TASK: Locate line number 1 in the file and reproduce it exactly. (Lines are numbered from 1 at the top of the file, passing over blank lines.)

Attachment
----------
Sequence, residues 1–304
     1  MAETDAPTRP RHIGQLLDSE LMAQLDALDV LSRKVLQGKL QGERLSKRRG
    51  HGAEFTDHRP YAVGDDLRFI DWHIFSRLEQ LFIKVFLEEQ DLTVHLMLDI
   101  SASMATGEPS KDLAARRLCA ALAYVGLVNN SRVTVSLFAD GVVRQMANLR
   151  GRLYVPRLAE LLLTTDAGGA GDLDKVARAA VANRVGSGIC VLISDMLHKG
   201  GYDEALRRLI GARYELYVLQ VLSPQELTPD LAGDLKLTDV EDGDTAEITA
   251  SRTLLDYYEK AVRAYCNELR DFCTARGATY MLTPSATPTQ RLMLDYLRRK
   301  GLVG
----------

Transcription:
Sequence, residues 1–304